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Situation dans le territoire palestinien occupé/Sévices sur la personne des prisonniers - Lettre du Président du Comité pour l'exercice des droits inaliénables du peuple palestinien

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UNITED
NATIONS
A S

        General Assembly
        Security Council
A/46/875
S/23570

11 February 1992

GENERAL ASSEMBLY SECURITY COUNCIL
Forty-sixth session Forty-seventh year
Agenda item 33
QUESTION OF PALESTINE

Letter dated 11 February 1992 from the Chairman of the Committee
on the Exercise of the Inalienable Rights of the Palestinian
People addressed to the Secretary-General


In my capacity as Chairman of the Committee on the Exercise of the Inalienable Rights of the Palestinian People, I wish to express anguish and outrage at the death of Palestinians in Israeli custody and the systematic use of torture and ill-treatment of Palestinian detainees by the Israeli authorities.

The Palestine Human Rights Information Centre (PHRIC) reported on 5 February 1992 that Mustapha al-Akawi, a 35-year-old Jerusalem resident, died on 4 February, while under interrogation in Hebron Prison in the occupied West Bank. Akawi was detained on 22 January and was brought before the military court in Hebron for extension of detention upon the request of the Shin Beth (Israeli secret service). According to the report, the military judge, after ordering the detention of Akawi for another 8 days (and not for 30 days as requested by the Shin Beth), told Akawi's lawyer, Lea Tsemel, that Akawi had complained of having been beaten during interrogation and had shown the judge deep bruises on both of his arms and shoulders. The lawyer was not permitted to speak with Akawi during the period of his detention or during his court appearances. On 4 February, Akawi's father was summoned to the police station in Jerusalem, and in the father's presence the father's lawyer telephoned Hebron Prison and learned of Akawi's death. The Israeli authorities provided no information on the cause of death.

According to Agence France Presse (AFP), the International Committee of the Red Cross (ICRC) indicated, on 5 February, that it was investigating the circumstances in which Mr. Akawi died in Hebron Prison. The representative of ICRC in Israel told AFP that five prisoners had died after interrogation in that prison since 1989.

On 3 December 1991, PHRIC issued a report documenting "systematic use of torture by electric shock against Palestinian detainees" by the Israelis during interrogation in the Hebron military headquarters. The shocks were applied by thin wires attached to the detainees' heads, necks, arms, legs and genitals. The report concluded that "it is highly unlikely - indeed virtually impossible - that the actions of these interrogators in torturing detainees with electricity were not known by the interrogators' superiors, and possibly others". All the Palestinians interviewed for the report had been subjected to other types of torture, including prolonged beating on various parts of their bodies, threats of execution, and forced witnessing of torture. According to this report, at least 10 Palestinians have died during interrogation since 1987.

In a special report on the military justice system in the occupied territories, Amnesty International concluded, in July 1991, that "the substantial evidence available indicates the existence of a clear pattern of systematic psychological and physical ill-treatment, constituting torture or other forms of cruel, inhuman or degrading treatment, which is being inflicted on (Palestinian) detainees during the course of interrogation".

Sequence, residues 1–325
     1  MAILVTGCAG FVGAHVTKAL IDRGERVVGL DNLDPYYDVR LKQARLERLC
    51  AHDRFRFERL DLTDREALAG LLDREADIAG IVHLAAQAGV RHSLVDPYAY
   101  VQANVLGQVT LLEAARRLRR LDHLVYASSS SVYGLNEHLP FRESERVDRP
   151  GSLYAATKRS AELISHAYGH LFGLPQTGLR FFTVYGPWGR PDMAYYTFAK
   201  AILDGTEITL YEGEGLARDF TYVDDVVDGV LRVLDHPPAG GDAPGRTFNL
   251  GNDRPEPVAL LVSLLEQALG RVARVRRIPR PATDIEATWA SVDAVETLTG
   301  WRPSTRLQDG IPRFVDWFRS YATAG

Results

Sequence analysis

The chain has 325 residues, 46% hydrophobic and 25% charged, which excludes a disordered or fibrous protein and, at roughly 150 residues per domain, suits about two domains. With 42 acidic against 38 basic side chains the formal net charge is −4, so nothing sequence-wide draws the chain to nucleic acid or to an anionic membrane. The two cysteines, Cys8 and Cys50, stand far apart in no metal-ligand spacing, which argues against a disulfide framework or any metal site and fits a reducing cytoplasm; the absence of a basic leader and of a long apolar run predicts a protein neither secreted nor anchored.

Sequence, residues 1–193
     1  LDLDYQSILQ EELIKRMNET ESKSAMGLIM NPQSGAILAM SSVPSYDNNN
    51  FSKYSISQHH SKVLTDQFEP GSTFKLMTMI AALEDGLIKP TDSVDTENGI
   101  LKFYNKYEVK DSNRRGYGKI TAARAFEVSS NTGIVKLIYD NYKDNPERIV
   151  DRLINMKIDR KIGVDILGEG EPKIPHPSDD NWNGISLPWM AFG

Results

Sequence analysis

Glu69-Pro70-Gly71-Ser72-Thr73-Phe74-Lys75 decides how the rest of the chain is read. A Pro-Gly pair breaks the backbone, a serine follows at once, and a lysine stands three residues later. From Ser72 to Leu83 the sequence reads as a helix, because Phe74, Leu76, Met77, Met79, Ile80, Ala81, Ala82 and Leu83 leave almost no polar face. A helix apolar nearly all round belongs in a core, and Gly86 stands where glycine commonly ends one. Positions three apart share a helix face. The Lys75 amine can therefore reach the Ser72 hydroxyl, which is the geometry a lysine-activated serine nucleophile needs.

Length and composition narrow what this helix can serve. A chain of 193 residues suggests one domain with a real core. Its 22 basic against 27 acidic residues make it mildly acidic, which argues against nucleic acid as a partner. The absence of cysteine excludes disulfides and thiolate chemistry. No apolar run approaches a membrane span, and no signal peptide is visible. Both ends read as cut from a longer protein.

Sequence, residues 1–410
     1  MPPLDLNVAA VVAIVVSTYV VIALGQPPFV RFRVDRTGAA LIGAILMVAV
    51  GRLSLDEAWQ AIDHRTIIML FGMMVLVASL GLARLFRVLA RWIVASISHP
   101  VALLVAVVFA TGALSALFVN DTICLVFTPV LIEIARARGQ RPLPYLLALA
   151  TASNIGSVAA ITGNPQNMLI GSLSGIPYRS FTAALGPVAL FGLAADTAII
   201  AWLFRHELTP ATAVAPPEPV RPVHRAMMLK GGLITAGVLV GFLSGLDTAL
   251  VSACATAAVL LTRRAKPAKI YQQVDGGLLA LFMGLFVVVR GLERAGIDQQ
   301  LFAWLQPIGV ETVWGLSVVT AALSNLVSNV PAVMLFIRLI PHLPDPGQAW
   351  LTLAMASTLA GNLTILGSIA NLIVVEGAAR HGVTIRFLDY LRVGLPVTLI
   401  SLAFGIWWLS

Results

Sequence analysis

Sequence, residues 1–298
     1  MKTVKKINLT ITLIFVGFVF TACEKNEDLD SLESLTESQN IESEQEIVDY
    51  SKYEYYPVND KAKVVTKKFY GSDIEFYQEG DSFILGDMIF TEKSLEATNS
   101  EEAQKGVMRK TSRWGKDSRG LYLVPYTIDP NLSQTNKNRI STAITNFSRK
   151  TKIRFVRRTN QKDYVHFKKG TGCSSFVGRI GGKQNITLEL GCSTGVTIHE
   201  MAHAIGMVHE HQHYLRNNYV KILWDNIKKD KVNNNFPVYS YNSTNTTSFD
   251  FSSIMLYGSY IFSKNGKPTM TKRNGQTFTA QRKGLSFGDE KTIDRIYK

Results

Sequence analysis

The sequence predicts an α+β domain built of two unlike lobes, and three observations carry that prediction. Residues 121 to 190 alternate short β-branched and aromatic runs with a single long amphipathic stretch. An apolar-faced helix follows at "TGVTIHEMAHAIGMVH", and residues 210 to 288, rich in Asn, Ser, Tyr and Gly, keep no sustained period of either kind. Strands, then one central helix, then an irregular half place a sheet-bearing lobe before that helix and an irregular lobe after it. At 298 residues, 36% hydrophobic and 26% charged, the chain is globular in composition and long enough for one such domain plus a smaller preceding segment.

In March 1991, Betzelem, the Israeli Information Centre on Human Rights in the Occupied Territories, published a report showing that a number of interrogation methods routinely used are prohibited by international human rights instruments, as well as by Israeli laws banning the use of force to extract confessions or information. The report detailed 11 illegal interrogation methods and was based on interviews with 41 Palestinians who had been subjected to such methods. It concluded that the operation of military justice, especially during the intifadah, has undermined the prohibitions and protection afforded by the legal system, particularly through the long periods of incommunicado detention without access to a lawyer and the wide powers given to the Shin Beth, which create a context in which ill-treatment of detainees can go unpunished.

The Committee on the Exercise of the Inalienable Rights of the Palestinian People strongly condemns the use of physical and psychological torture against Palestinian detainees, which is in total violation of Israel's obligations under article 2 of the Convention against Torture and Other Cruel, Inhuman or Degrading Treatment or Punishment and article 7 of the International Covenant on Civil and Political Rights, which Israel ratified recently, as well as articles 31 and 32 of the Geneva Convention relative to the Protection of Civilian Persons in Time of War.

The Committee therefore urgently appeals to you as well as all those concerned, and in particular the Human Rights Committee and the Committee against Torture, which monitor implementation of the relevant treaties, as well as the High Contracting Parties to the Geneva Convention, to see to it that all the necessary measures are taken in order to ensure that Israel desists forthwith from using illegal methods in its treatment of Palestinian detainees and respects its international obligations.

I should be grateful if you would have the text of this letter circulated as a document of the General Assembly, under agenda item 33, and of the Security Council.


(Signed) K£ba Birane CISSE
Chairman
Committee on the Exercise
of the Inalienable Rights
of the Palestinian People

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